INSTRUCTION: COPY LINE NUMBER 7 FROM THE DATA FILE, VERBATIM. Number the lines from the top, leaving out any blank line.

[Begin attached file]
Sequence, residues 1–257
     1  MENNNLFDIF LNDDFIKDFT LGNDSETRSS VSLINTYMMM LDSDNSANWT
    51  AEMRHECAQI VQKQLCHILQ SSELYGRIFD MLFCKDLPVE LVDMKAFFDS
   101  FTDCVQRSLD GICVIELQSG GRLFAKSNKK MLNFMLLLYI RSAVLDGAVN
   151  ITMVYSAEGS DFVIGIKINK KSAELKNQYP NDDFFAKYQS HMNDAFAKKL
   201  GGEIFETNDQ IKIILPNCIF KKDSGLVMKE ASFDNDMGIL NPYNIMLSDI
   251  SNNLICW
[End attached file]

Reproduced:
   251  SNNLICW